Law and Society
by Drew VandeCreek
Americans established their dominion over the Illinois country with the organization of their legal system. In an environment with little central authority, Native American tribes left the pursuit of justice to the families of those wronged by criminal behavior. Native Americans seeking retribution for a murder or assault could mete out violent judgments. Because Indians embraced a communal understanding of property, they had developed no sense of the concepts that comprised the heart of Americans' private law: torts, contracts, property, and commercial law. As Americans poured into Illinois and eventually made it a part of their nation, they replaced these notions with a justice system emphasizing due process in criminal matters and firm rules governing economic life. The emergence of this legal system placed lawyers like Abraham Lincoln at the leading edge of frontier settlement.
Most antebellum lawyers handled all sorts of cases, from the defense of accused criminals to preparing wills. Although attorneys like Lincoln maintained home offices, many traveled the judicial circuit. In a time in which most counties did not have population enough to support their own courts, judges and lawyers journeyed from one county seat to the next, trying cases as they went. This "circuit" provided far-flung frontier residents with access to courts and attorneys.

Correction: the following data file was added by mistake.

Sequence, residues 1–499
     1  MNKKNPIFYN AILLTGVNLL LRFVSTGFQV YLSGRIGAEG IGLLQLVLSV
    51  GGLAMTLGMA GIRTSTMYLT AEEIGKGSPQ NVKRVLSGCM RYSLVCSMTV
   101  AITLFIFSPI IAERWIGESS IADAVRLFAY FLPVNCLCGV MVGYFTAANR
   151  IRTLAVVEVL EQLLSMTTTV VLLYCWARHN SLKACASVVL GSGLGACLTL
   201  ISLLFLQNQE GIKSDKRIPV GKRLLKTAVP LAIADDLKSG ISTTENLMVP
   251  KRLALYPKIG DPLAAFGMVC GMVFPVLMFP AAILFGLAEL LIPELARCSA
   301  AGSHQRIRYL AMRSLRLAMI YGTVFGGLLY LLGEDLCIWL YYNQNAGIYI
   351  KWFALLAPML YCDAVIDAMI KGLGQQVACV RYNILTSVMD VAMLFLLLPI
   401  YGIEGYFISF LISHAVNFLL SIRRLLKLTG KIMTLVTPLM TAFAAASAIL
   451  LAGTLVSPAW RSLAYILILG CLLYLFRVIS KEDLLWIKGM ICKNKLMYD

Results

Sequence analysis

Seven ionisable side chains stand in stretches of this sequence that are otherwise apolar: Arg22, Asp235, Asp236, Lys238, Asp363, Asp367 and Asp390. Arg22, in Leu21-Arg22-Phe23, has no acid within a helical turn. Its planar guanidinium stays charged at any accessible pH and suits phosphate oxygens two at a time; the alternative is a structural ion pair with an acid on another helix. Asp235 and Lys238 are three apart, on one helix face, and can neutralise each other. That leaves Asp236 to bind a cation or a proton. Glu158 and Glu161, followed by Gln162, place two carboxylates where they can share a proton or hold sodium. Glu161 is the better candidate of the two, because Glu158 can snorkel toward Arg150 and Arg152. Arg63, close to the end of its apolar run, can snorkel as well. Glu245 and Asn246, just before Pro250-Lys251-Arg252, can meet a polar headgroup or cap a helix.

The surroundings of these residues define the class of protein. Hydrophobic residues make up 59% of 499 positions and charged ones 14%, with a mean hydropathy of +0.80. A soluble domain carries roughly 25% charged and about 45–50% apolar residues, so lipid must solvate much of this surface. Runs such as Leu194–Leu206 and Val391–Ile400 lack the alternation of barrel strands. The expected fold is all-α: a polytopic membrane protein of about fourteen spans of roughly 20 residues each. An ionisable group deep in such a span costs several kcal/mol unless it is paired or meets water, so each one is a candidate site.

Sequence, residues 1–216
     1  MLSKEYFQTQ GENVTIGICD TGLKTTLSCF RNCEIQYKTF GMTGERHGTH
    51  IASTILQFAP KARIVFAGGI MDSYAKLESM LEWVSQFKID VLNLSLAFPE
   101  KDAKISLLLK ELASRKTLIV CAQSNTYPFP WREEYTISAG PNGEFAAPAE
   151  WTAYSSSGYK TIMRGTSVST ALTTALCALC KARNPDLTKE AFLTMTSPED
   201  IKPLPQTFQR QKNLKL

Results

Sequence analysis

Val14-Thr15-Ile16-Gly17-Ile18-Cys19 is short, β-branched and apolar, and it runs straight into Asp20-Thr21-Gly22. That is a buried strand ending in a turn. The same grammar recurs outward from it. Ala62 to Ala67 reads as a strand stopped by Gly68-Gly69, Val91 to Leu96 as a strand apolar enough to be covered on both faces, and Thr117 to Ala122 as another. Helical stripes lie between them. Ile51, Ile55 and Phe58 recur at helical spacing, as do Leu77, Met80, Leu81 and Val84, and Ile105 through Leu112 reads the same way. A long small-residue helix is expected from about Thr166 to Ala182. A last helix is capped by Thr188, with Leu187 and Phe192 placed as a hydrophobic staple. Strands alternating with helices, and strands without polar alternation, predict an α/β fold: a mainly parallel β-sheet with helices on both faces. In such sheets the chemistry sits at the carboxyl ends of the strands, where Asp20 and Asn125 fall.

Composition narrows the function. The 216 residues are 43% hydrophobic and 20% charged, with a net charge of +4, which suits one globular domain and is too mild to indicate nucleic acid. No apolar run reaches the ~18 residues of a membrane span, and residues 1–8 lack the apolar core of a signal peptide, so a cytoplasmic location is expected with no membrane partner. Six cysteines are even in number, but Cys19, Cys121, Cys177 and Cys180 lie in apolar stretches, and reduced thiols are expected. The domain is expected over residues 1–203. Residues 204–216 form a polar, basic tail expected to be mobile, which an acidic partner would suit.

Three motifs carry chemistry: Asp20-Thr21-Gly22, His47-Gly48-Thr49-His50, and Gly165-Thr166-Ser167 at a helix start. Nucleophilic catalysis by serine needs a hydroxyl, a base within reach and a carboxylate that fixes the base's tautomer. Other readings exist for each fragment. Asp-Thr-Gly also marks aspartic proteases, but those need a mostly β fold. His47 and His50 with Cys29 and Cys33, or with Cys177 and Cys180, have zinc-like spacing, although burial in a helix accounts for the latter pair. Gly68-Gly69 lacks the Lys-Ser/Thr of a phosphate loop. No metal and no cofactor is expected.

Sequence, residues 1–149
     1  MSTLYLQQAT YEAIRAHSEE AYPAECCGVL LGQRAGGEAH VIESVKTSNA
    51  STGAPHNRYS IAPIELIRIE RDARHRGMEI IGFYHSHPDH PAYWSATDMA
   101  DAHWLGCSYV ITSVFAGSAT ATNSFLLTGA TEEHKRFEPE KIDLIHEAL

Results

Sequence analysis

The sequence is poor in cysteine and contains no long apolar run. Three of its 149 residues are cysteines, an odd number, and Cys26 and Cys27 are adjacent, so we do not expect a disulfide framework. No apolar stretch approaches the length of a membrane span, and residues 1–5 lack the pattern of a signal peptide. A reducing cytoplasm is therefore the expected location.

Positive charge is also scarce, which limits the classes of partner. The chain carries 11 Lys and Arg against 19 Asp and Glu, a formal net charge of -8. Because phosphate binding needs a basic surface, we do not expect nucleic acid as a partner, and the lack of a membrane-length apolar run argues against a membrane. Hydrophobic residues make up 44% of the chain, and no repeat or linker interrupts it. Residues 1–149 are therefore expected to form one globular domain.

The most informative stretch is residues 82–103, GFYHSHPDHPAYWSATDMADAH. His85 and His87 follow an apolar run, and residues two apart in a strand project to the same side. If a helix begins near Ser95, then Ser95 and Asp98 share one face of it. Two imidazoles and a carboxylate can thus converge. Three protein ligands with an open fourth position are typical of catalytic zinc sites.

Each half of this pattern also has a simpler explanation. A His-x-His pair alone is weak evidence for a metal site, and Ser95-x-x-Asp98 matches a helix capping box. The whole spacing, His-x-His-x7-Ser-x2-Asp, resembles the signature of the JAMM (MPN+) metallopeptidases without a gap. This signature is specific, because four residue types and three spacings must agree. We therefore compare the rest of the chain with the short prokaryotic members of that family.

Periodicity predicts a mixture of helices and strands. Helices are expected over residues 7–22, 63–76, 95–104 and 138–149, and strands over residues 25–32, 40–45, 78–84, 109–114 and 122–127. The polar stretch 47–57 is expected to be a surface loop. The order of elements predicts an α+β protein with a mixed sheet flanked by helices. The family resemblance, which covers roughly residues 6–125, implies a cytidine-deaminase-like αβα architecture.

The American law proved more effective for some Illinoisans than others. Women ceased to exist as individuals before the law when they married, and could not own property or sue. Illinois' severe Black Codes prevented African-Americans from testifying in court against a white person. Similarly, African-Americans accused of crimes could not receive a jury trial.
Although settlers' letters and diaries have revealed little deep-seated fear of crime or violence, the frontier did witness its share of lawless behavior. In 1837 an anti-abolitionist mob murdered the anti-slavery newspaper editor and minister Elijah Lovejoy in Alton, Illinois when he refused to stop publishing his beliefs.
Most crime remained much more prosaic. In the years before Illinois became a state, bandits occupied Cave-in-Rock along the Ohio River and robbed passing boatmen. Other travelers often faced the threat of "land pirates" or other robbers throughout the frontier era. Horse theft and counterfeiting remained popular crimes as well. A number of counties responded to patterns of crime when volunteer "regulators" enforced vigilante justice.
In 1844 western Illinois became the site of the so-called Mormon War. Tension between the large Mormon settlement at Nauvoo and neighbors who disapproved of their religion, social practices, and political clout boiled over in the summer of that year, when attackers murdered the Mormon leader Joseph Smith and his brother Hyrum. A period of general lawlessness followed in which Mormon forces battled anti-Mormon militias in the Illinois countryside. Illinois' government had proved itself unable, or unwilling, to stop the conflict. In 1846 the Mormons fled Illinois for the West, finding new home in Utah's Salt Lake Valley.